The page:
AIHealth.SG is a startup based in Singapore that started operations in April 2022 to provide a library of health risk assessment tools using AI technology available to new and existing private and public health, telemedicine, insurance, pharmaceutical, and corporate entities either as software as a service (SaaS) or white label offering.
Reduced MRI scan time
Being inside a Magnetic Resonance Imaging (MRI) is difficult for patients, especially the sick and elderly, for its long scan times, noise, and crucial requirements.
Patients are mandated to stay inside and be as very motionless as possible. Some even suffer from claustrophobia.
MRI software service provider and startup, AIRS Medical’s, Jayeon Yoon said his co-founders’ mother was facing the same issue which led them to run their healthcare startup that seeks to minimise scan time.
With AIRS Medical’s deep learning technology called SwiftMR, it reduces by up to 50% the MRI scans that usually take 20 to 90 minutes.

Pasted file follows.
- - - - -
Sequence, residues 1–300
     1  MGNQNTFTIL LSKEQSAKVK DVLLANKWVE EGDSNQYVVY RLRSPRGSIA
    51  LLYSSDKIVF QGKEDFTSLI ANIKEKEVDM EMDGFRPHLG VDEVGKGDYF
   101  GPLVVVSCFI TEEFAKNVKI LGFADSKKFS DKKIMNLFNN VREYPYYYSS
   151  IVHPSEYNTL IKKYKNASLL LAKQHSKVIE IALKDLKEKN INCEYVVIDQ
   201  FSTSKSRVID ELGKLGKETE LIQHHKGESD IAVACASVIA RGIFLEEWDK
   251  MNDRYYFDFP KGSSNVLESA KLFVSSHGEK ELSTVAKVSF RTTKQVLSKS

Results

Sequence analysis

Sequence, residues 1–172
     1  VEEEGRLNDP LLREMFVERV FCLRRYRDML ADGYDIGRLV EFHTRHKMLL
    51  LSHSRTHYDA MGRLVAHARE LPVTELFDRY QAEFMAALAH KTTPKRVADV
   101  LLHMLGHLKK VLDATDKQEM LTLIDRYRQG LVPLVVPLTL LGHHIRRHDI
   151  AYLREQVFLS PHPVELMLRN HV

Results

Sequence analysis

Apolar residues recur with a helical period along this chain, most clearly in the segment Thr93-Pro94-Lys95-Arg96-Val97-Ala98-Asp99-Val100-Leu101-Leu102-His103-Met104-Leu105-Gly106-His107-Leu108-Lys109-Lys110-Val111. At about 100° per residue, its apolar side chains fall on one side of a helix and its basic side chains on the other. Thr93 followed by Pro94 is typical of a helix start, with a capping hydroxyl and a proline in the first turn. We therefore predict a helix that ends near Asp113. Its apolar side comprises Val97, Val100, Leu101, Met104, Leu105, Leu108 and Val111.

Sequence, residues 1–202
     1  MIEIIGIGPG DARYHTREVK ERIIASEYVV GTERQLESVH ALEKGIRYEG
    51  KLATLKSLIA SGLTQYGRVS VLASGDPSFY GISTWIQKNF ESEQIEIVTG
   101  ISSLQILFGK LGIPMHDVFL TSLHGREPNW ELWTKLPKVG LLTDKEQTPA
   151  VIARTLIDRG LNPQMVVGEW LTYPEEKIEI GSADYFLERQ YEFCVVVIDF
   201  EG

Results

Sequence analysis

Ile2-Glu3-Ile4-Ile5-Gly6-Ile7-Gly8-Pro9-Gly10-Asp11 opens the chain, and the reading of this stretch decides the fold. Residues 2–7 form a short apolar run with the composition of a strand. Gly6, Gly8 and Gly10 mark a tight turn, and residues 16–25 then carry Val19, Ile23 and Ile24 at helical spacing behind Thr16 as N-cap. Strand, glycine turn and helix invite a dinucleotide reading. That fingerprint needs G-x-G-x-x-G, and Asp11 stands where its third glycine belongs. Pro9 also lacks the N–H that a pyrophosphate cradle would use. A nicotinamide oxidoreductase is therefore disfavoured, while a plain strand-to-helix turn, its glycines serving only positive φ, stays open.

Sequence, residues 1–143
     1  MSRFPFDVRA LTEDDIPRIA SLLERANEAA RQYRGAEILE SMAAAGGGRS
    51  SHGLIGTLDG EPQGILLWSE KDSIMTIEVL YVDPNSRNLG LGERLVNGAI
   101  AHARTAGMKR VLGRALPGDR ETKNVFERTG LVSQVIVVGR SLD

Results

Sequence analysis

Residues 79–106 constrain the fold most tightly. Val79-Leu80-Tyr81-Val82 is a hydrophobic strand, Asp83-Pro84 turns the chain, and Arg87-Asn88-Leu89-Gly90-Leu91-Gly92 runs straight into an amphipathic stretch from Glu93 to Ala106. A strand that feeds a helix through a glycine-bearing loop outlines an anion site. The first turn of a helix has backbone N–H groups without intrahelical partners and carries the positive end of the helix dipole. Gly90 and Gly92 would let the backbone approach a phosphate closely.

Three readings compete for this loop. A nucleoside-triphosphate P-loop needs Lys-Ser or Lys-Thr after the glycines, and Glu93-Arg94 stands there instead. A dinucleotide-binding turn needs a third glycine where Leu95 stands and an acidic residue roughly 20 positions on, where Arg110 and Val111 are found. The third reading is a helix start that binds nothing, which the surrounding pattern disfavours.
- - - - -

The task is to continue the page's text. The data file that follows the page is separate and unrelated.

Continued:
The reason behind longer scan times is to create a high-quality image and if there is a lower scan time, it will compromise the quality. What AIRS Medical’s software does is to improve the low-quality image that was generated from the accelerated scan.
“If the MRI scan time is reduced to half, they can only spend half time inside the MRI scanner, and also their waiting time will be reduced to take an MRI exam,” said Yoon, who is AIRS Medical’s business development head.
Yoon said using SwiftMR will reduce costs as healthcare providers do not need to replace their old scanners.
“Using SwiftMR, this system gives a very similar effect to upgrading their MRI scanner because not only does it reduce the MRI scan time, it also improves the image quality. It is image investment software,” said Yoon.
SwiftMR was already cleared by the Korean and US Food and Drug Administrations. It has been used to scan over 300,000 patients.
AIRS Medical’s solution for hesitancy from healthcare providers is tapping experts and implementing regular tests for its tech.
Yoon explained that regular performance tests are being done by radiologists in Korea and the US. These blind tests include comparing the original longer scan image and the accelerated scan by the SwiftMR.
In their first blind test, more than 90% of the experts said the images by the SwiftMR are equivalent to or even better than the images generated by the longer scans.
“After that, every month we do the regular this blind test with a radiologist to check if the image quality is compromised due to the accelerated scan,” Yoon explained.